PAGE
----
So, on to the talks. An Italian university has a great, somewhat humorous site concerning scientific presentations; you should definitely check it out. Also, the ACS publishes a Handbook for Speakers, with sections on both formal (podium) and poster presentations. This guide is comprehensive, with tips on not only how to deliver your talk, but also the preparation of visual aids and other ancillary items. These two guides have all the information you need to present a great talk. For the chemistry majors in the group, you hear at least one, and usually two, seminars per week (btw, we welcome biology types to all of our seminars); you should start listening to these critically, and see if you can identify some very good things you want to remember, as well as some terrible features that you'll want to avoid like the plague.

 

Here are the characteristics of a great 20min talk on a literature article:

  • Well-organized - one idea flows seamlessly to the next, as if the person is having a conversation, telling you a story that s/he thinks is pretty slick.
  • Excellent Intro - you learn what problem existed prior to the work being described, and how the project was designed to fill that void in chemical knowledge.
  • Single-sheet Handout - which contains all of the ideas in outline and/or table form, which keeps the speaker from engaging in that most annoying practice, silent board drawing.
  • Hits the High Points - no distracting discussions of irrelevant things, just the core concepts or results.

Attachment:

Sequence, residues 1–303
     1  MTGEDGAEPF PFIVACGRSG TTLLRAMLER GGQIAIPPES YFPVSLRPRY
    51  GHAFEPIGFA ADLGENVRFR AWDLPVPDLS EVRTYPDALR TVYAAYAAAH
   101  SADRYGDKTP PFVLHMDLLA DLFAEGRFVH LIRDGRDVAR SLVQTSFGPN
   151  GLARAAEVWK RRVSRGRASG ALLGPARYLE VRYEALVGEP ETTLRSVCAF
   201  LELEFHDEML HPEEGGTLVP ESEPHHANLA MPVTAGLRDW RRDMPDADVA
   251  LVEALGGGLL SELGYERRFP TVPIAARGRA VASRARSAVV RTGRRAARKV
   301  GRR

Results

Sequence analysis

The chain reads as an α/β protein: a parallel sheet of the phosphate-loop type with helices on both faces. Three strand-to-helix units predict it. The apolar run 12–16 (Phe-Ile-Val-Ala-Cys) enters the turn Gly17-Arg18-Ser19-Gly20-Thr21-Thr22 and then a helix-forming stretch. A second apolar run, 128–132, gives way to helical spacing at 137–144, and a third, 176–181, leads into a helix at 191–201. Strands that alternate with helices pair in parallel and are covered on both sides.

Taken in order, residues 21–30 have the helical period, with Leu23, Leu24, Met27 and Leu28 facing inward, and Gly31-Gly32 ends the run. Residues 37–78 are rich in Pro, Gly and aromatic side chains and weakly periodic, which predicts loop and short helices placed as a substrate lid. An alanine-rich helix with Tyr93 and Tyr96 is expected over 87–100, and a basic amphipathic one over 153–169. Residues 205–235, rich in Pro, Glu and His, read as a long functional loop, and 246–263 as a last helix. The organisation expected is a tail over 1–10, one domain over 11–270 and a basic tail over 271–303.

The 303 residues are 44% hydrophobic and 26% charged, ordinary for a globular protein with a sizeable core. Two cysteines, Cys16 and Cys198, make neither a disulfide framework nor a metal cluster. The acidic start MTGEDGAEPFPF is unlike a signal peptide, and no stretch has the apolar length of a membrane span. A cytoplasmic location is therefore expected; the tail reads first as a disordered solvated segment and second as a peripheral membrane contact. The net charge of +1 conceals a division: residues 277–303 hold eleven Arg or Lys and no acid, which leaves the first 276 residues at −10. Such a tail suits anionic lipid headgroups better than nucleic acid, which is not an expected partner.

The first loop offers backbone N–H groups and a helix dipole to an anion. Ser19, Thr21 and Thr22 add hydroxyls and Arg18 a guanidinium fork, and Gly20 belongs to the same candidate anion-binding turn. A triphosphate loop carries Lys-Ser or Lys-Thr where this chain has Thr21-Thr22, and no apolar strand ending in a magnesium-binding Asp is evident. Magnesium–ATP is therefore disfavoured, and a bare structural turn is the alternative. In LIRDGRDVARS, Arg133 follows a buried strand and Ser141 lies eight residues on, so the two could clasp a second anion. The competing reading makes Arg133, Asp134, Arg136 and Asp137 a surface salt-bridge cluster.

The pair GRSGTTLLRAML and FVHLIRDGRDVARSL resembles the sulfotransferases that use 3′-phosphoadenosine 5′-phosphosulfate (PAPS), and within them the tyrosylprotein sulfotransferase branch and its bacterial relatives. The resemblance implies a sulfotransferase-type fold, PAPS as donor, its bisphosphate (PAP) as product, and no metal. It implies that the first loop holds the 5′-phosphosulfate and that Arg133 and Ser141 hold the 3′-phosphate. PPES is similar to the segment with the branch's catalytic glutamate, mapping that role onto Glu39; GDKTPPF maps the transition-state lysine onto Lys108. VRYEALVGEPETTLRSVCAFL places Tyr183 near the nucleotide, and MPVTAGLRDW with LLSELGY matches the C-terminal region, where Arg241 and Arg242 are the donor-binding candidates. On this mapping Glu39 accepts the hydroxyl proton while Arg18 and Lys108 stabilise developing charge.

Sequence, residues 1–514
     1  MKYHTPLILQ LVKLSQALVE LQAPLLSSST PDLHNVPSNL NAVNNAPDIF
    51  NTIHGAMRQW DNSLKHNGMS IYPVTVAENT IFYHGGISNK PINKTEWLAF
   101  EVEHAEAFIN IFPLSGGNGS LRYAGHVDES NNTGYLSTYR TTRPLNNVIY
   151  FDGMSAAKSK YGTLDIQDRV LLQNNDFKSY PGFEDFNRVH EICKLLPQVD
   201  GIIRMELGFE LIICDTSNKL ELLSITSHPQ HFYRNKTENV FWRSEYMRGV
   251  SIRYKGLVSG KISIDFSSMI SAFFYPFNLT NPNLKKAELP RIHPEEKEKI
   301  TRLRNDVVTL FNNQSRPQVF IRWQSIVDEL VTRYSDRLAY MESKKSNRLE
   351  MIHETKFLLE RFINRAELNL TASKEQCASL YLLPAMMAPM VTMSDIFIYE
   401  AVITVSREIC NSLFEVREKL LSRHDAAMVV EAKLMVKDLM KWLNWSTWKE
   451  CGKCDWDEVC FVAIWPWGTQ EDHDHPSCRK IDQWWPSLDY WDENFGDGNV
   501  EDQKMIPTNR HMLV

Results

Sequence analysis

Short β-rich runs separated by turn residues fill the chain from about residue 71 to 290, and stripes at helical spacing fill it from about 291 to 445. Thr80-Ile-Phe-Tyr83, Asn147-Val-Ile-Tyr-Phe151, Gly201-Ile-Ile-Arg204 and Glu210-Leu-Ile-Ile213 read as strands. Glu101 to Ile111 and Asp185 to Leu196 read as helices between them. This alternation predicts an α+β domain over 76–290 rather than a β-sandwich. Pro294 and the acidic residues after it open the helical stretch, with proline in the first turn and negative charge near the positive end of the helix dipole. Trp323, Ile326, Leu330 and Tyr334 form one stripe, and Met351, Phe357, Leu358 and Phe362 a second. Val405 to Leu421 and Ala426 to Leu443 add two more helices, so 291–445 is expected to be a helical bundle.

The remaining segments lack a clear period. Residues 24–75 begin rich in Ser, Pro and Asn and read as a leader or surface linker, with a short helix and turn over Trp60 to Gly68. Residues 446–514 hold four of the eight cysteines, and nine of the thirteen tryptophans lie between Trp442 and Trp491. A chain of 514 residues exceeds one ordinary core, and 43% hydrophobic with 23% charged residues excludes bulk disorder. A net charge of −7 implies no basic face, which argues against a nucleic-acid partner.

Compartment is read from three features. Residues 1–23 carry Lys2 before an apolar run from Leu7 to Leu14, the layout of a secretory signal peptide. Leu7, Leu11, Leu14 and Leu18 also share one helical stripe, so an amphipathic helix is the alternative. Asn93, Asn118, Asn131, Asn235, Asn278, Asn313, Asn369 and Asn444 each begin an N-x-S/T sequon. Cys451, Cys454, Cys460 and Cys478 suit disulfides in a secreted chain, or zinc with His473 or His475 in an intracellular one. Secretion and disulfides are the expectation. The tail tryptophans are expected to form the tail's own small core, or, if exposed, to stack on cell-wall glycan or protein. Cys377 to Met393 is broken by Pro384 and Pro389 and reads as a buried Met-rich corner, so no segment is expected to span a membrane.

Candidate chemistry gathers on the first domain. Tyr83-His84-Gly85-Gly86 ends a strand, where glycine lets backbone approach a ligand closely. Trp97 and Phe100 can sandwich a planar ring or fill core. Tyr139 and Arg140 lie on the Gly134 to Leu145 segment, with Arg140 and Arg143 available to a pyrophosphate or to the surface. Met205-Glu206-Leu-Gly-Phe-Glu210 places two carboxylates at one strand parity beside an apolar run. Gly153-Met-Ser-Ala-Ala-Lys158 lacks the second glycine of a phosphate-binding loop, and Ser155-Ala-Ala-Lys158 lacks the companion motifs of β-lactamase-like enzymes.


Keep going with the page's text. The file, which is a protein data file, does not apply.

• Knows Her/His Stuff!!! - does not do that even more annoying thing: looking through the paper they're discussing, as if it's the first time they saw it.  [Actually, this will stop of its own accord, because starting now, speakers in group meetings will only be able to refer to the handout they supply to the group.
  • Concise Conclusion - re-states the original problem, and summarizes, in a couple of sentences, how the work described int he paper adderssed - and hopefully solved - the problem.

    The characteristics of a great 20min talk on your own research are pretty much the same, except that the level of understanding should be much deeper, and you may not refer to any notes whatsoever - except for the handout you prepared, but this is only to point something out to someone, not to refresh your memory.  If you can't talk for 15-20 minutes about the research project you're working on in the lab (especially during the summer!), then we have problems much deeper than adequate preparation of a short talk to your own research group.